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The Ionising Radiation (Medical Exposure) Regulations 2000 (together with notes on good practice)

  • Document type:
    Guidance
  • Author:
    Department of Health
  • Published date:
    23 April 2007
  • Primary audience:
    Professionals
  • Publication format:
    Electronic only
  • Gateway reference:
    2001
  • Pages:
    13
  • Copyright holder:
    Crown

The Ionising Radiation (Medical Exposure) Regulations 2000, (IR(ME)R 2000) - came into force on 13th May 2000 to implement the European Directive 97/43/Euratom (The Medical Exposures Directive)

The Ionising Radiation (Medical Exposure) Regulations 2000, (IR(ME)R 2000) - came into force on 13th May 2000 to implement the European Directive 97/43/Euratom (The Medical Exposures Directive).  The Regulations replaced the Ionising Radiation (Protection of Persons Undergoing Medical Examination or Treatment) Regulations 1988 (POPUMET) which have been repealed.

The Regulations are available from The Stationery Office and at the link below.

Further information regarding the non-statutory Guidance associated with IR(ME)R 2000 is available at the link below.

Additional information:

The Ionising Radiation (Medical Exposure) Regulations 2000 require employers undertaking medical exposures to establish diagnostic reference levels (DRL) and to undertake appropriate reviews if these are consistently exceeded. DH has issued guidance on national DRL which is available from the link below.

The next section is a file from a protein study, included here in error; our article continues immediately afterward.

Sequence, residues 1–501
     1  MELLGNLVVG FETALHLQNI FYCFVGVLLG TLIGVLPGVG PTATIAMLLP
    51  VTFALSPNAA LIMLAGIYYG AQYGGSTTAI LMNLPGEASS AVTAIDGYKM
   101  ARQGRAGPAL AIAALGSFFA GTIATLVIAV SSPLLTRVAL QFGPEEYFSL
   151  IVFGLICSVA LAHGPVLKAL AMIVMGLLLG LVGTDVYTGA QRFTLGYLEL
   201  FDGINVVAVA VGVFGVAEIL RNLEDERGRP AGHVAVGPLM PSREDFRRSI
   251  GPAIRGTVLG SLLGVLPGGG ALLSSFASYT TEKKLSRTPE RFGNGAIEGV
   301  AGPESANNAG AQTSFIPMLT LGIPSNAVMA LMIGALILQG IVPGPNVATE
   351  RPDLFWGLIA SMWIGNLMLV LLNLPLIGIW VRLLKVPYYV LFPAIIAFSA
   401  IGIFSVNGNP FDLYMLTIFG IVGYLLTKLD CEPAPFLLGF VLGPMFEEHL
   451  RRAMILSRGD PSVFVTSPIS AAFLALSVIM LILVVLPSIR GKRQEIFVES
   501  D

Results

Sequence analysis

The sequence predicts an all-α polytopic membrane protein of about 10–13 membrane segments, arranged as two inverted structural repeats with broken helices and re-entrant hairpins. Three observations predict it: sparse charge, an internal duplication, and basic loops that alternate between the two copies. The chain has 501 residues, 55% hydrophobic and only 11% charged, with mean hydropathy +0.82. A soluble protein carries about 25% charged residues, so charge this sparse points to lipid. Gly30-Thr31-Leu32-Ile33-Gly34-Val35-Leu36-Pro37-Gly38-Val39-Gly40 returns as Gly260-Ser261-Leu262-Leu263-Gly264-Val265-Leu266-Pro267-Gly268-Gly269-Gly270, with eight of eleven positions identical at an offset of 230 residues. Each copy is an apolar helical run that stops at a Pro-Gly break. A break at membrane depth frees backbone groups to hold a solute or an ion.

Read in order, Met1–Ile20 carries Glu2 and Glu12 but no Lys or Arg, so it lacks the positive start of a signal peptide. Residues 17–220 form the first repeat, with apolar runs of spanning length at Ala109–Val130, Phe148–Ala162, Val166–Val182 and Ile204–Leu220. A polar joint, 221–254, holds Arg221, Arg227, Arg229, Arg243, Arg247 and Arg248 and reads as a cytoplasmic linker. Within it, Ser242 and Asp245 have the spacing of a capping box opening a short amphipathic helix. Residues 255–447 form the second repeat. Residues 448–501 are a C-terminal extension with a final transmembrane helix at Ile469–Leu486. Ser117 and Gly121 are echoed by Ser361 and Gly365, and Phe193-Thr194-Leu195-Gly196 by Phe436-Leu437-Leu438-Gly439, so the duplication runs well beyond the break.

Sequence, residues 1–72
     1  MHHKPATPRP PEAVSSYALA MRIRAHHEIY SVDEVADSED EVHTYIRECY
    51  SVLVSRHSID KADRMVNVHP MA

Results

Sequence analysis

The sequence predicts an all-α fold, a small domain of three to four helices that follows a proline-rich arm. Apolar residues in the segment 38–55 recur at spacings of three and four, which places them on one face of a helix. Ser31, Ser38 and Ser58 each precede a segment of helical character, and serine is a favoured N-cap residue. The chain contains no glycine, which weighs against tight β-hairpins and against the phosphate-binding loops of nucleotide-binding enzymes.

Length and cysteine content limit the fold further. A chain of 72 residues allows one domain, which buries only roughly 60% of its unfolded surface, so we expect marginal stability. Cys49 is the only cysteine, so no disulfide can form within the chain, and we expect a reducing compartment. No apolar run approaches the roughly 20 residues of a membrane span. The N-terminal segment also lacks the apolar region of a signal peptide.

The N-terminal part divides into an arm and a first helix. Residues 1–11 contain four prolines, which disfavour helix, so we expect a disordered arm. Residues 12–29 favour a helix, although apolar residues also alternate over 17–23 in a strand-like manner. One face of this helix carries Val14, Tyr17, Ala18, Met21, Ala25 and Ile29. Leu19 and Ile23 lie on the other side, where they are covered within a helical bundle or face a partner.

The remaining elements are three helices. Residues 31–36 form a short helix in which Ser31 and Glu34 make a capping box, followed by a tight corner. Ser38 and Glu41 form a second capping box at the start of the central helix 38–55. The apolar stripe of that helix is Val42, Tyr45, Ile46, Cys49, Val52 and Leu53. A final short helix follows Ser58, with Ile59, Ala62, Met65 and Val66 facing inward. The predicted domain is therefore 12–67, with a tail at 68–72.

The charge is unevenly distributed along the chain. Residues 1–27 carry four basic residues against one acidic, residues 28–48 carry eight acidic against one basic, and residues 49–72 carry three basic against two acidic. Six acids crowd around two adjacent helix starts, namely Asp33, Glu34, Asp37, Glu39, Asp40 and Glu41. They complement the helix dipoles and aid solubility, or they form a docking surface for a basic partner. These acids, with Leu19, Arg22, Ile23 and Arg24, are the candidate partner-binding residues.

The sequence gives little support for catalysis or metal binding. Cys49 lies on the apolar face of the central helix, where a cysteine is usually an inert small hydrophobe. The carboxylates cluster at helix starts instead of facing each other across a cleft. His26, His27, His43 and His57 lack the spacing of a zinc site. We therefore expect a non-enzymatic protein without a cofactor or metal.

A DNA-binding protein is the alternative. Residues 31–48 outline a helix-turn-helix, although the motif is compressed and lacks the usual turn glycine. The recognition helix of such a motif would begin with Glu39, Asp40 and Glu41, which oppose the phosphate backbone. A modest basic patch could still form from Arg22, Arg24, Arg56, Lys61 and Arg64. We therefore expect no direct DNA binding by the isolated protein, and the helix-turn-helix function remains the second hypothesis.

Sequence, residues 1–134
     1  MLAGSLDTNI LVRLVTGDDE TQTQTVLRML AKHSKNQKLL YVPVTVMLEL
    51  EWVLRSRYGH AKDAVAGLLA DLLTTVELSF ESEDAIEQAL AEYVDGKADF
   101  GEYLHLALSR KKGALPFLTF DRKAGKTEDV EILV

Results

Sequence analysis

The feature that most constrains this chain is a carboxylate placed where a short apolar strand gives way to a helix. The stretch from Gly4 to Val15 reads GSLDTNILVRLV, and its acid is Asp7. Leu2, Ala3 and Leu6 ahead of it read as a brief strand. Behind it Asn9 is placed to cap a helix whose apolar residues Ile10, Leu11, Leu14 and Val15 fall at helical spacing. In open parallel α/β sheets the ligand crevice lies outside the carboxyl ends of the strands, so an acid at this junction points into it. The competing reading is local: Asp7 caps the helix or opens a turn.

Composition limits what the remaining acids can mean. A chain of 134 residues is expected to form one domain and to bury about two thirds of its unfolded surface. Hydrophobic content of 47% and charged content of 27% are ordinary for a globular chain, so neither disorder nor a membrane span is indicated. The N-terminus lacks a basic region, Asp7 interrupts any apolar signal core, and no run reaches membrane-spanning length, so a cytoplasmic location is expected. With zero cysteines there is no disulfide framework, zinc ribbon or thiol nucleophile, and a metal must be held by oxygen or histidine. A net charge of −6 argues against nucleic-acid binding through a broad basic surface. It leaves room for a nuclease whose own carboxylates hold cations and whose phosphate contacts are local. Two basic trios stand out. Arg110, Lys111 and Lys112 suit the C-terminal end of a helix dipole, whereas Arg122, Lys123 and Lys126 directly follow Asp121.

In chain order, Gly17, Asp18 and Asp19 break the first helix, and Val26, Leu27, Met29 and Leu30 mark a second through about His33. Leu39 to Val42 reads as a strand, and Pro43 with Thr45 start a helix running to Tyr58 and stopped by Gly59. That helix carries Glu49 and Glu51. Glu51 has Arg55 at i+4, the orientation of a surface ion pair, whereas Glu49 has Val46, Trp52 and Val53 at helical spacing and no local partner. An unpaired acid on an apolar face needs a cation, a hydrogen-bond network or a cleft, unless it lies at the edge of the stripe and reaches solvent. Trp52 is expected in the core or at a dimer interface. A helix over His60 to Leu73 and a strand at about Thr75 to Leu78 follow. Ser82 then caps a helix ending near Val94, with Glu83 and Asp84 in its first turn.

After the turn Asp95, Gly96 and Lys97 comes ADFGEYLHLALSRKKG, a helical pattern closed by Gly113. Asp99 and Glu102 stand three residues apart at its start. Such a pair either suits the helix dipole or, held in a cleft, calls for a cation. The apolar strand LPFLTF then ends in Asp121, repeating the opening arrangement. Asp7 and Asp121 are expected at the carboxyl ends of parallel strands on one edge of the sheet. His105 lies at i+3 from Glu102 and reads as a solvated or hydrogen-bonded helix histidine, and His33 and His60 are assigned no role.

On 1 April 2009, the Care Quality Commission assumed responsibility from the Healthcare Commission for the inspection and enforcement for incidents under Ionising Radiation (Medical Exposure) Regulations 2000. Service provider information is available from the link to the Commission's website below.

The Ionising Radiation (Medical Exposure)(Amendment) Regulations 2006, SI 2006/2523  ('the Regulations') amend the  2000 Regulations and can be found at  by following the link below. They passed the enforcement powers under the 2000 Regulations to the "appropriate authority".  In England, the current “appropriate authority” is the Care Quality Commission. The Amendment Regulations also make amendments to certain definitions in the 2000 Regulations in order to clarify their meaning; reflect changes to terminology used in the 2000 Regulations; and make transitional provision for incomplete matters or matters not finally disposed of before the Regulations came into force on 1 November 2006.

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